British Columbia government lax on cybersecurity practices, auditor reports
VICTORIA — The British Columbia government must do a better job of protecting its computer systems from cybersecurity threats, says auditor general Michael Pickup.
An audit of five government ministries found only Education and the information branch of Citizens’ Services provided strong protections against potential threats, he said Tuesday.
The audit concluded the ministries of Finance, Health and Natural Resources as well as much of Citizens’ Services did not have adequate cybersecurity practices to manage its information technology systems, Pickup told a news conference.
The report did not highlight a specific threat, but it found breaches in cybersecurity are increasing globally.
The audit says studies show cyberattacks occur every 39 seconds or an average of 2,224 times a day. Data breaches exposed 8.4 billion records globally in the first four months of last year, it says.
Pickup said organizations with poorly managed security practices are vulnerable to attacks.
“These weaknesses could hinder the ability of the ministries to develop and implement appropriate safeguards to protect their IT assets from cybersecurity threats,” he said.
The audit found security standards at the ministries lacked specific definitions of roles and responsibilities, said Pickup.
It also found inappropriately maintained inventories, including unauthorized devices on networks and records that were missing important data, he said.
“The established policies and standards, they lack specific guidelines to identify and manage IT assets for the purpose of managing cybersecurity risks,” Pickup said.
Last June, an investigation by the information and privacy commissioners of B.C. and Ontario found LifeLabs failed to protect the personal health information of millions of Canadians because of a large privacy breach in December 2019.
The commissioners said in a statement LifeLabs didn’t have adequate security in place and failed to take reasonable steps to protect personal health information in its electronic systems.
LifeLabs said after the commissioners’ report that it had appointed a chief information security officer to undertake a gold-standard enhancement of its information technology security systems.
In 2015, the B.C. government said a hard drive containing the personal records of 3.4 million B.C. and Yukon students and teachers, dating back more than 30 years, had disappeared.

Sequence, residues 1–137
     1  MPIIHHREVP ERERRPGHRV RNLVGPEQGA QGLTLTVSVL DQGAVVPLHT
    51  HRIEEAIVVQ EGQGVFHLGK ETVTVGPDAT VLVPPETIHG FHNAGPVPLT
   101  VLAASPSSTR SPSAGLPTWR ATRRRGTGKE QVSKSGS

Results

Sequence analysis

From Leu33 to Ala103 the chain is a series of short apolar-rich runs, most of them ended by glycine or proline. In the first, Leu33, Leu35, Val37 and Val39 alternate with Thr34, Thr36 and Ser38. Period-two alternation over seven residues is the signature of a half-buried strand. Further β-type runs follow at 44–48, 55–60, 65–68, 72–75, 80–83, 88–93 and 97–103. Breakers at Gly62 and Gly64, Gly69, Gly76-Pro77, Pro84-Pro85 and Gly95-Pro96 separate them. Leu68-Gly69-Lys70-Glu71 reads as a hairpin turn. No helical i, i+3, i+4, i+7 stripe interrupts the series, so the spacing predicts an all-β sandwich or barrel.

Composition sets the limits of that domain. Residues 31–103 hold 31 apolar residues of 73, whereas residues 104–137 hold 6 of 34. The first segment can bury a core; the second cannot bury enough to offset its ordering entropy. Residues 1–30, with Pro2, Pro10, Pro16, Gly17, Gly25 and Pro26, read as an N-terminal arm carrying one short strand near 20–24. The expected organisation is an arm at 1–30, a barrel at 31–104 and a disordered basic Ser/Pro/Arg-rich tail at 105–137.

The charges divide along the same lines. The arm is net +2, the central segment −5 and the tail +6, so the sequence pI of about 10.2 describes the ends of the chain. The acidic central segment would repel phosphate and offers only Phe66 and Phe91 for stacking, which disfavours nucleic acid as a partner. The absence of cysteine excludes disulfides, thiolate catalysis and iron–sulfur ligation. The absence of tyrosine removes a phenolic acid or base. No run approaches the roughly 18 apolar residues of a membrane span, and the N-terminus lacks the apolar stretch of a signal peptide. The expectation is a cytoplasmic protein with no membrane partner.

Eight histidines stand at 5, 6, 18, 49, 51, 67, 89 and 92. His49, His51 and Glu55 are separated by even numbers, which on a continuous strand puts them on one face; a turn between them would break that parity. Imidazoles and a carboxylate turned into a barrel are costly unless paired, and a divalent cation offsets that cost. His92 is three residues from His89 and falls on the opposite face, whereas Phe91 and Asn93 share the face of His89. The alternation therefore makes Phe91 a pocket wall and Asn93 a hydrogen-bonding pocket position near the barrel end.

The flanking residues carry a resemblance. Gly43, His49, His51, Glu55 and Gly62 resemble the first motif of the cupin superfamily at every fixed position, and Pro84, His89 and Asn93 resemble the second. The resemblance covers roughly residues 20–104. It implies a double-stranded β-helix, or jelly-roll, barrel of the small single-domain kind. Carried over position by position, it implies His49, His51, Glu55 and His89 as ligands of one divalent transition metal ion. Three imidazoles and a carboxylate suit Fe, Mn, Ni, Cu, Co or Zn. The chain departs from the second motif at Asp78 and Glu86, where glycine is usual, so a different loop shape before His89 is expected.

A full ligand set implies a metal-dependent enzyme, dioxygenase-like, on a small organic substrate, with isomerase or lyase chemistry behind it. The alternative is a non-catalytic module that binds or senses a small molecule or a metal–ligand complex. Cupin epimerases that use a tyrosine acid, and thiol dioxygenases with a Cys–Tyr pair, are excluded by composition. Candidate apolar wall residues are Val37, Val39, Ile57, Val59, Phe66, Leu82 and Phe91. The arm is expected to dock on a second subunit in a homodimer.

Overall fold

Pickup said the audit makes seven recommendations, all of which have been accepted by the government.
“While government has security controls to protect IT assets and the information residing on them, there is more we can do in this area,” says a government response included in Pickup’s audit.
“Existing controls include device authentication, encryption, ability to remotely wipe a device that is lost or stolen and regular patching of vulnerabilities,” says the response.
The government says it will launch a review, due for completion in December 2021, that examines ministry cybersecurity roles and responsibilities and includes guidelines and procedures to maintain risk protections.
Pickup said he expects the audit’s findings to be discussed by members of the legislature who sit on committees overseeing information technology services.
“These reports are tools for the folks in the legislature to then look to government and hold them accountable on why are these things happening to start with and how does government improve,” he said.
Pickup said his office is also planning a future review of the government’s computer systems during the COVID-19 pandemic because many government employees are working from home.
— Dirk Meissner
This report by The Canadian Press was first published Jan. 19, 2021.
News from © Canadian Press Enterprises Inc. 2021.